Anecdotally we see this dispersion of opportunities when we look at individual companies. There are many fundamentally sound businesses, trading on really attractive valuations, which we believe are likely to be re-rated as the economy recovers from its period of forced shut-down. Whilst we are maintaining a balance in the investment portfolio, with a combination of more cyclical and more defensive businesses, the average valuation of the companies owned by Merchants is significantly below the average for the broader UK market.
UK ”value” shares offer an extraordinary valuation opportunity compared to broader equity markets
This is no recommendation or solicitation to buy or sell any particular security.
|NAV (debt at fair value)||15.1||-26.7||-15.0||-8.2||5.8|
Source: Thomson Reuters DataStream, percentage growth, mid to mid, total return to 30.06.2020.1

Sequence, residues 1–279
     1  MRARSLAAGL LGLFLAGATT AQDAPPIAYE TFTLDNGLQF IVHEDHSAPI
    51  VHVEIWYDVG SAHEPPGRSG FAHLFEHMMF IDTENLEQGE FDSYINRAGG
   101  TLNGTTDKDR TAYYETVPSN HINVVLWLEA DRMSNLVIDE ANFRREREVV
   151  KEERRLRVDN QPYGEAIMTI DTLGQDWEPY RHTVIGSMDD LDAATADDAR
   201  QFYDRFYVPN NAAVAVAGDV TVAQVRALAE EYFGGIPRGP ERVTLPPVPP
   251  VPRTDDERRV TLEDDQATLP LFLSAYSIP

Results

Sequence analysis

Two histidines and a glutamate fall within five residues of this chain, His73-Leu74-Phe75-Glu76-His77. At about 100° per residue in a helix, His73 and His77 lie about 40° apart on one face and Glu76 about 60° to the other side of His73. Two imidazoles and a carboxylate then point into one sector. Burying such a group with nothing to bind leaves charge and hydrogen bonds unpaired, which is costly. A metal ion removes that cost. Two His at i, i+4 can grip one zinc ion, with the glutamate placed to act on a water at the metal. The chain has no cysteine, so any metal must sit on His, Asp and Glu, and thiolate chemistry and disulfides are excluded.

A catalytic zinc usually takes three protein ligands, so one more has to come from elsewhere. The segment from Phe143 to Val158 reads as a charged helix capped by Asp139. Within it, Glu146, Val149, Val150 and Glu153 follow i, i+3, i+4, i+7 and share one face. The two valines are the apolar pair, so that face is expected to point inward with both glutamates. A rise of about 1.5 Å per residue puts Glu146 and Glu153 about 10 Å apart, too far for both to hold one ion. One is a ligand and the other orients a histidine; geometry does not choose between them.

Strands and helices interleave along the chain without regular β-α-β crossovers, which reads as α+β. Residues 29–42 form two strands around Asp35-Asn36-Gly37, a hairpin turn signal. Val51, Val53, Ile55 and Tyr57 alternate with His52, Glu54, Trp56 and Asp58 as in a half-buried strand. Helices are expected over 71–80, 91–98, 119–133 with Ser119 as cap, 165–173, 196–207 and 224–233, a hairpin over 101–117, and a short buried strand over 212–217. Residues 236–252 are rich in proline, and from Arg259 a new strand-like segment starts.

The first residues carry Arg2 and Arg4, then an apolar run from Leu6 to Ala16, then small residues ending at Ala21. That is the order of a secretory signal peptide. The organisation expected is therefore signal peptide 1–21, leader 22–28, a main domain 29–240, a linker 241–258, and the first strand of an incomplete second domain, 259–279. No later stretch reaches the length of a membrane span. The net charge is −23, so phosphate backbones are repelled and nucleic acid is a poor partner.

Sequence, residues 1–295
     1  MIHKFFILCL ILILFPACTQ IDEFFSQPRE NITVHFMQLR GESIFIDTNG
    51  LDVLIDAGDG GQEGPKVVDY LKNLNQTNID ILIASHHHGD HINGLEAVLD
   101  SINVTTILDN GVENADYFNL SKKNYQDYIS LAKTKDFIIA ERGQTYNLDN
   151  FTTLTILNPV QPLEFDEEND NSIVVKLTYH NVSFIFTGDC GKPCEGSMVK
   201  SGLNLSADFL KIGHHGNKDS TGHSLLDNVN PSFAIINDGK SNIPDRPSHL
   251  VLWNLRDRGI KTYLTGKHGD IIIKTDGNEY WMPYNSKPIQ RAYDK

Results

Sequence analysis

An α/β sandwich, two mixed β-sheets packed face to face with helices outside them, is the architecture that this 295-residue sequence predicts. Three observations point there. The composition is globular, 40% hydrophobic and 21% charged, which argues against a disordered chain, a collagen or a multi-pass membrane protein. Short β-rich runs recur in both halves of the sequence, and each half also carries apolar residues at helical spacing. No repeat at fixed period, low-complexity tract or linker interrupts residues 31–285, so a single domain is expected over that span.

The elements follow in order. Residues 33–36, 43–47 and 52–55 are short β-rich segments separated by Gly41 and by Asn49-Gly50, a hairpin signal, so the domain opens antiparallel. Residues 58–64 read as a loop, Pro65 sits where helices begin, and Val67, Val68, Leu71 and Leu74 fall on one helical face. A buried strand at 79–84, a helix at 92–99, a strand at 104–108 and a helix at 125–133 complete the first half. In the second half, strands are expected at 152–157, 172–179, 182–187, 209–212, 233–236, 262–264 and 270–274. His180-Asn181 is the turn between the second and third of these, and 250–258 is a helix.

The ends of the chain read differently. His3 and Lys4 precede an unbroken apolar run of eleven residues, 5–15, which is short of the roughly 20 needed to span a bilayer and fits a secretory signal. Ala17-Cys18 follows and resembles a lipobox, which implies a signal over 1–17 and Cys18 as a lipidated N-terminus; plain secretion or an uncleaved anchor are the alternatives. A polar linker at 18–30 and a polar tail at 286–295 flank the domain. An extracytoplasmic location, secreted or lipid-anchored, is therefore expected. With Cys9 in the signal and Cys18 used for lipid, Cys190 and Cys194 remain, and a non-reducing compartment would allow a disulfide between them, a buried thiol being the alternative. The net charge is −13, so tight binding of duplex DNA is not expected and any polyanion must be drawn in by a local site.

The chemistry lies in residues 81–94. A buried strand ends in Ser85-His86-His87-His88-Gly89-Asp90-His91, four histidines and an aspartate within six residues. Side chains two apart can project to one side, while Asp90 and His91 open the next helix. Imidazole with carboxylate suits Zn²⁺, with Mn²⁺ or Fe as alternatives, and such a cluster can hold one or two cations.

|NAV (debt at fair value)||-15.0||-6.9||16.0||21.7||-5.3|
Source: Thomson Reuters DataStream, percentage growth, mid to mid, total return as at 30.06.2020.1
1Past performance is not a reliable indicator of future returns. You should not make any assumptions on the future on the basis of performance information. The value of an investment and the income from it can fall as well as rise as a result of market fluctuations and you may not get back the amount originally invested.This investment trust charges 65% of its annual management fee to the capital account and 35% to revenue. This could lead to a higher level of income but capital growth will be constrained as a result.